Video, 12'30'', 2004
This video is part of the collections of Musée d'Art Moderne de la Ville de Paris and Frac Champagne-Ardenne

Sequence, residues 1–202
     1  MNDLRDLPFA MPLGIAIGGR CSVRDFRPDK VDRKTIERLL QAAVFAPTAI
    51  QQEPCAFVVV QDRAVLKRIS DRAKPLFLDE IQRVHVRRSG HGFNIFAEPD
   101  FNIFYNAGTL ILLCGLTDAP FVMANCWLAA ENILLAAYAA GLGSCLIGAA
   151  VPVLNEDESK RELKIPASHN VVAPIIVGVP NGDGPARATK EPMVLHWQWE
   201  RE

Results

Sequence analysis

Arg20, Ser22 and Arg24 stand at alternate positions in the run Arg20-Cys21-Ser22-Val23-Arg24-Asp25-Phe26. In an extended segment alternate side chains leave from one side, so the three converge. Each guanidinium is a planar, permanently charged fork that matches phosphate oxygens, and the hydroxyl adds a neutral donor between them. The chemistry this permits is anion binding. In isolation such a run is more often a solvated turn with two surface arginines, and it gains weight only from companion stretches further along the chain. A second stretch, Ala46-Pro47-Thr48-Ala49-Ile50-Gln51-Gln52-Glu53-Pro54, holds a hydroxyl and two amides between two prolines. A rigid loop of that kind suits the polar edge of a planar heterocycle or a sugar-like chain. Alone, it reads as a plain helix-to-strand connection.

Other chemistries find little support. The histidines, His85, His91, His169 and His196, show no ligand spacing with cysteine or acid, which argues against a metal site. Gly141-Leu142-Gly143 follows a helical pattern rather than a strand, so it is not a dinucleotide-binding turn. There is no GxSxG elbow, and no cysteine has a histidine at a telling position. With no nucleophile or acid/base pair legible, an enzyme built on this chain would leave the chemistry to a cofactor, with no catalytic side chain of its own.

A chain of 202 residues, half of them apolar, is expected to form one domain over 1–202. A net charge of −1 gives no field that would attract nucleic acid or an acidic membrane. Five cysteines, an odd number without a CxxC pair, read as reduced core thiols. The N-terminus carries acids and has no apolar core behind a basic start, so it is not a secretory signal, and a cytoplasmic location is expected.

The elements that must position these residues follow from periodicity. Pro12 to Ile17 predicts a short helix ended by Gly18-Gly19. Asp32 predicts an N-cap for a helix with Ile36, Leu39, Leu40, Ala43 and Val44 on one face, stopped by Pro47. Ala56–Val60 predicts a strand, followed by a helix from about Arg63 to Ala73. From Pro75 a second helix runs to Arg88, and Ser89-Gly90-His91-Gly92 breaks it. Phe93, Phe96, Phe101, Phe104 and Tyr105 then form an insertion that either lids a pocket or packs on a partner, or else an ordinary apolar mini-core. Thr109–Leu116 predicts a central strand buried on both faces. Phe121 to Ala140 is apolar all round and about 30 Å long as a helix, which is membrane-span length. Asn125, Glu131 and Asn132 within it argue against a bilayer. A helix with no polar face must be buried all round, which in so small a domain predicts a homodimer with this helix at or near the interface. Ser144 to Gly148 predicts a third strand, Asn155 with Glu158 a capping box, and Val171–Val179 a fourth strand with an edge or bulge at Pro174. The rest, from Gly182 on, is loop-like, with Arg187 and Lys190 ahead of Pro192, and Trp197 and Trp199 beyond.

Bonneville is the name of my hometown. It is a small town located in the French Alps. I lived there during my childhood. Then I moved when I was a teenager and never came back. Thinking about Bonneville several years after I left it, I realized the uncanniness of Time and Memory. I never really liked this city, yet it was my only reality for many years. I had no other horizon during my childhood; the mountains that surrounded it seemed to be the borders of my own existence. And then, as time went by, the reality of the streets, of the buildings, of the near forest, slowly faded away and, for me, Bonneville became no more than a vague and intangible memory.When thinking about it, that's the image of a ruined city that come into my mind. Just like the foundations are often the only remains of an antic city, my memory retains a group of mental imprints that once were linked to some concrete and vivid referents but that dried out over the years until it became no more than empty shells. The video Bonneville can be seen as an attempt to restore a physical dimension to this disembodied memory. I was also interested in the idea of literally projecting on screen something as subjective and intimate as memory and thus to transform it into an experience that can be shared with other people. Indeed, this visualization of my inner landscapes as been seen by a lot of people in France, in Switzerland, in Spain, in Italy, in Germany, in the United Kingdom, in Romania, in Russia, in Brazil, in Japan, in China and even somewhere across the air on-board of the new Airbus A380. But to transform a mental view into a cinematographic experience is different than to make it a show. I wanted the experience of the video to be as close as possible to a mental, if not spiritual, journey. That's why I opted for slowness and silence. To realize this video, I made a sort of visual inventory of the various objects I remembered. I drew around a thousand elements: buildings, trees, roads... The style was extremely simple because I drew very quickly with a thick black marker. The idea was to "write" more than to draw. When I then used a computer to create the animation, I tried not to make the 3D structure visible so as to keep the original aspect of these clumsy drawings. The video consists in a slow and silent walk inside my memory, amongst the black ideograms of this new kind of script that tries to prevent an inner landscape from sinking into oblivion.
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